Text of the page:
Brazil’s Bolsonaro recovering, says will be “back in action soon” By Reuters


© Reuters. FILE PHOTO: Brazil’s President Jair Bolsonaro speaks during a ceremony to sign a law for the privatization of state-controlled electricity utility Eletrobras, at the Planalto Palace in Brasilia, Brazil, July 13, 2021. REUTERS/Adriano Machado

By Eduardo Simões and Marcelo Rochabrun

SAO PAULO (Reuters) -Brazilian President Jair Bolsonaro, undergoing hospital treatment for an obstructed intestine after a near-fatal 2018 stabbing, said on Friday he hoped to be “back in action soon.”

Bolsonaro has been in hospital since Wednesday, when he traveled from Brasilia to Sao Paulo for treatment relating to complications from the knife attack nearly three years ago. After initial concerns he required an emergency surgery, doctors now say he is improving, with an operation less likely.

On Friday morning, Bolsonaro tweeted a stern-faced photo of himself, walking along a hospital corridor with a drip attached to his neck.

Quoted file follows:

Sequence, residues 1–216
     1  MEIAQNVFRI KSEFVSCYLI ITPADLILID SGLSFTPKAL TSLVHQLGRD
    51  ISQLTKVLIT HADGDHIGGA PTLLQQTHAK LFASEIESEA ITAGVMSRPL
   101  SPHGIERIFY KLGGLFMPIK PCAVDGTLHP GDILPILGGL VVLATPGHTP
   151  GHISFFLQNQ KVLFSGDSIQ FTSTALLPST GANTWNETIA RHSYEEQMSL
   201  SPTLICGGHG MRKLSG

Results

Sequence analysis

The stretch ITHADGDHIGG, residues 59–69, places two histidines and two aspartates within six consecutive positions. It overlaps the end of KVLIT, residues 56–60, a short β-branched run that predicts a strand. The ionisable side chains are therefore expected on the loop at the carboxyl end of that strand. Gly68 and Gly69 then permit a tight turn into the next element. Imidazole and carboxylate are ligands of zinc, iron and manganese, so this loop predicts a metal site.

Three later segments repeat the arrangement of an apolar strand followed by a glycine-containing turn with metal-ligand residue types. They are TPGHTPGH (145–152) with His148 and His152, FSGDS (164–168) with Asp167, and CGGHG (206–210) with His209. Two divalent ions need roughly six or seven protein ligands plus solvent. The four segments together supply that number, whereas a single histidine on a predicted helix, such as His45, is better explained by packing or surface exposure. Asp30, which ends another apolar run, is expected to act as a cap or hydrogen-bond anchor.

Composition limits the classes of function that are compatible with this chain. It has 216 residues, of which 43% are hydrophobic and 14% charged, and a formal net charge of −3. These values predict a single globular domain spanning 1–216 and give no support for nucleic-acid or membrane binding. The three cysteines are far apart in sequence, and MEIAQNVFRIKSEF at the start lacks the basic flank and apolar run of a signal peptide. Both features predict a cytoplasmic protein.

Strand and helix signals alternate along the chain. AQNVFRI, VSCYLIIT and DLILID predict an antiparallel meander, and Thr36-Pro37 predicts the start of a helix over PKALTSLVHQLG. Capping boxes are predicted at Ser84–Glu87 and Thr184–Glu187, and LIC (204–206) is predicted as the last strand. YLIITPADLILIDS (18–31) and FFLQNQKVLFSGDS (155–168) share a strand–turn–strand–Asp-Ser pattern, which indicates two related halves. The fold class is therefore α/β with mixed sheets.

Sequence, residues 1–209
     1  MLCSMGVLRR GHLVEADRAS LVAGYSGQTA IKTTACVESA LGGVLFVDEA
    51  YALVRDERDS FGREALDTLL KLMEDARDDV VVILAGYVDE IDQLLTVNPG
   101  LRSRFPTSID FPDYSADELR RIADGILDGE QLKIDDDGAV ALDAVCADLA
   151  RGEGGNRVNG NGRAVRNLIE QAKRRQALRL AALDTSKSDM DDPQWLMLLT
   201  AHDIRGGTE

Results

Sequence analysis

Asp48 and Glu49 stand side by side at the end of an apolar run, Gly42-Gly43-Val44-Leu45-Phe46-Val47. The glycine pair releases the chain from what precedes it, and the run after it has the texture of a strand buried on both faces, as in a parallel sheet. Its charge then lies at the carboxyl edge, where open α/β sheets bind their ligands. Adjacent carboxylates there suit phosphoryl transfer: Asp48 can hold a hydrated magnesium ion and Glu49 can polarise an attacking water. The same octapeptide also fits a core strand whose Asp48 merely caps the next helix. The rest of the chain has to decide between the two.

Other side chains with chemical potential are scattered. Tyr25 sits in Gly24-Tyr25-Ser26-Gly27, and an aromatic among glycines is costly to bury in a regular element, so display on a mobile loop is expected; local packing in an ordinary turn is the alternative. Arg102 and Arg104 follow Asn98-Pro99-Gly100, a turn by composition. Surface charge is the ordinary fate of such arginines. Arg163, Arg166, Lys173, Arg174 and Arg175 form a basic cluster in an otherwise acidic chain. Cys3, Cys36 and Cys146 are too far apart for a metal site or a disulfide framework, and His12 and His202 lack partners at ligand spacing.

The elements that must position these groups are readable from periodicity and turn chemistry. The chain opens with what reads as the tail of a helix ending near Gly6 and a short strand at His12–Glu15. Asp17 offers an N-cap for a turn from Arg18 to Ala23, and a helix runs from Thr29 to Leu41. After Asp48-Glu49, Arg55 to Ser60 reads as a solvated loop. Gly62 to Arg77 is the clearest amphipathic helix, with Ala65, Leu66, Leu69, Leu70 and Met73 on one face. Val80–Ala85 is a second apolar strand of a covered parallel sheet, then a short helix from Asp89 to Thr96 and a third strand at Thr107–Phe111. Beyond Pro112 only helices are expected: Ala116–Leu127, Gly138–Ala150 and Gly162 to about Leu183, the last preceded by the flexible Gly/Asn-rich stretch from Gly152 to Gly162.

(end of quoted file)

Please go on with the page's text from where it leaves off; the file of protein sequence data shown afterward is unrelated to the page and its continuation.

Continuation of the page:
“Back in action soon, God willing!,” he wrote. “We’ve done a lot, but we still have a lot to do for our Brazil!”

On Thursday evening the president’s doctors said in a statement that they had removed a gastric catheter from Bolsonaro and that he would begin eating again on Friday.

Bolsonaro had said in a Thursday TV interview he could be out of hospital on Friday, but his doctors have still not given a forecast for when he will leave.

O Globo newspaper columnist Lauro Jardim wrote on Friday that Bolsonaro had passed the night well and would now begin a liquid diet.

Bolsonaro has faced several health issues during his presidency, mainly stemming from longterm complications after he suffered a perforated intestine when he was stabbed on the campaign trail in 2018. He was also ill with COVID-19 last year.

Bolsonaro is in a weak political moment as senators probe a corruption scandal over the purchase of coronavirus vaccines and he faces criticism over his handling of the pandemic. COVID-19 has killed nearly 540,000 people in Brazil – the world’s second highest death toll behind the United States.

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